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The powers of perception

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An in depth understanding of the power of perception will clearly provide you with an extremely enlightening and empowering level of self-awareness of whom and what you truly are. The power that’s been provided to you to create a quality of life based on choices and that you are without exception through various opportunities the co-creator of your reality.

Question 1

1.1 The powers of perception

Robbins, Judge, Odendaal and Roodt (2009) define perception as a process by which individuals organise and interpret their sensory impressions in order to give meaning to their environment.

In other words, perception is the way we “see” the world — not in terms of our visual sense of sight, but in terms of perceiving, understanding, and interpreting.

Covey (1989) demonstrates how perception affects the way we see things, the way we think and the way we act in an exercise he encountered many years ago at the Harvard Business School. The instructor divided students into two groups; the one group was given a picture of a young woman (Figure 1.1) and the second group a picture of an old woman (Figure 1.2). After giving each group 10 seconds to study their picture carefully, he projected the combined picture onto a screen (Figure 1.3). Each group saw the respective image they were initially given. This activity clearly and eloquently demonstrates how conditioning effects our perceptions and frames of reference, that two people can see the same thing, disagree, and yet both be right.

Figure 1.1 Figure 1.2

Figure 1.3
We are not born with a certain set of perceptions; these are created over time, based on certain life events and previous teachings received from parents, teachers and friends that are influential in our life.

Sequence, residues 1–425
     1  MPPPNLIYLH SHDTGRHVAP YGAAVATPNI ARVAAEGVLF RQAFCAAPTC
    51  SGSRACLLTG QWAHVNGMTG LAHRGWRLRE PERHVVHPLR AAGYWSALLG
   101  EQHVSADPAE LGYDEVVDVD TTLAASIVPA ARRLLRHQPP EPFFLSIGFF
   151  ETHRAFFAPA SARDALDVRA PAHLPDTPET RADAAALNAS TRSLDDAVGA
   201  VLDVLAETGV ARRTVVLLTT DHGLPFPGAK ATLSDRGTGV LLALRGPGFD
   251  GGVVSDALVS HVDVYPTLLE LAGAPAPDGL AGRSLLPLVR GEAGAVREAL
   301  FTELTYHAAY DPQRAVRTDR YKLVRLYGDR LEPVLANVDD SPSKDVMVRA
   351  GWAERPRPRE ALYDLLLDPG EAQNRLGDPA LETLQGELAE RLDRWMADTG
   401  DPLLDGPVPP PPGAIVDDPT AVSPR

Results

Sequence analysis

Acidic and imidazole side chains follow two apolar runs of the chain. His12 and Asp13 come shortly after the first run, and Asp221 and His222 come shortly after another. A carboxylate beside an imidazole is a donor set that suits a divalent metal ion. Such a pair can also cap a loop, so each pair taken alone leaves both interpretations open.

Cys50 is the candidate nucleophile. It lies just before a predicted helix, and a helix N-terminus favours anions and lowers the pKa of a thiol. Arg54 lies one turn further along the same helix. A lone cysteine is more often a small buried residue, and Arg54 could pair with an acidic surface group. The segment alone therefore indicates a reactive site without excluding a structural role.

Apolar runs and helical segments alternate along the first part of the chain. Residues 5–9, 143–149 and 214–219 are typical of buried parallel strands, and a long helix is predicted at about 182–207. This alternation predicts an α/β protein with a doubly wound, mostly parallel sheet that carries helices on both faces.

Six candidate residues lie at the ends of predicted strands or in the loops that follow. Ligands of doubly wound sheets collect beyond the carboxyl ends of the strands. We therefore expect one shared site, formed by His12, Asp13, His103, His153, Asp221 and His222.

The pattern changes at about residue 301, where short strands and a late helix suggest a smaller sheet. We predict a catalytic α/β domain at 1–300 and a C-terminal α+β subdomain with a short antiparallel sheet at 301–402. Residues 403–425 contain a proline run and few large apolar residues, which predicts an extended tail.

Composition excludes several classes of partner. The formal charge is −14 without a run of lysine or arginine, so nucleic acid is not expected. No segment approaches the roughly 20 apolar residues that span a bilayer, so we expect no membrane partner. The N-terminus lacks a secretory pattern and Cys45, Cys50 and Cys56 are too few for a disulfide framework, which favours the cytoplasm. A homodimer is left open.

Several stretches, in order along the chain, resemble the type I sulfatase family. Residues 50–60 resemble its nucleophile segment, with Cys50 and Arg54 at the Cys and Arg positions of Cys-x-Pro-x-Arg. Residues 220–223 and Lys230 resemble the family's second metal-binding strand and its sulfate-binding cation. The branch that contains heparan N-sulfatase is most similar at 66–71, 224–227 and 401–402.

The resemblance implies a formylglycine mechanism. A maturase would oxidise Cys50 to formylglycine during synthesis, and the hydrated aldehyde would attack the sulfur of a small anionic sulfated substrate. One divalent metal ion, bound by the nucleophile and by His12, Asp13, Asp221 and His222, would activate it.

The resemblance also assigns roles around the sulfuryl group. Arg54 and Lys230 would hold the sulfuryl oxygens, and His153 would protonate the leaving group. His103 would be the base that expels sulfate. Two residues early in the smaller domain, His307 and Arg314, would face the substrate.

The brain acts as a recorder that captures all of our experiences and memories in our mind on a series of tapes – forming our perceptions. All our observations, feelings and beliefs are stored here and will determine how we view the world, our behaviour and how we communicate. Richard Ross in Senge et al (1994) however warns against incorrect assumptions about our recordings. He states that we live in a world of beliefs we self-generate based on conclusions made and inferred from what we observe, as well as our past experiences. Our ability to achieve results is eroded by feelings that include: “Our beliefs are the truth. The truth is obvious. Our beliefs are based on true data. The data we select is the real data.”

The aforementioned is closely related is the “the ladder of inference” developed by Chris Argyris (Senge, 1990) which will be discussed in more detail below.

1.2 The Ladder of Inference

The Ladder of Inference comes from Peter Senge’s book The Fifth Discipline Field Book and is based on the commitment we make to our beliefs once we hold them. The ladder of inference is a common mental pathway of increasing abstraction which often leads to misguided beliefs.

For example: You are working on a project and need help and information from Karen. Unable to reach her, you send her an email. When she does not respond, you leave her a voicemail or two, or three.

You remember that the last time you worked together, Karen and you had some disagreements. So you conclude that she is avoiding your communications. As the days go by, you convince yourself that Karen is trying to sabotage you. In fact (you think to yourself), as you recall, she never liked you. You decide then and there that the next time she needs something from you for her projects you won’t give it to her. Soon you start looking for examples of how she is trying to get you and make you look bad. You decide that you can’t stand her and might even bad-mouth her and try to sabotage her. The next time you see Karen, you give her a dirty look and soon other teammates notice the communication breakdown.

You started with real observable data, the way a video recorder would record it. Email and voicemail were not returned. You added meanings and made assumptions based on the meaning added to that data / facts. You drew conclusions and made decisions based on your assumptions. Then you took action based on those conclusions and assumptions.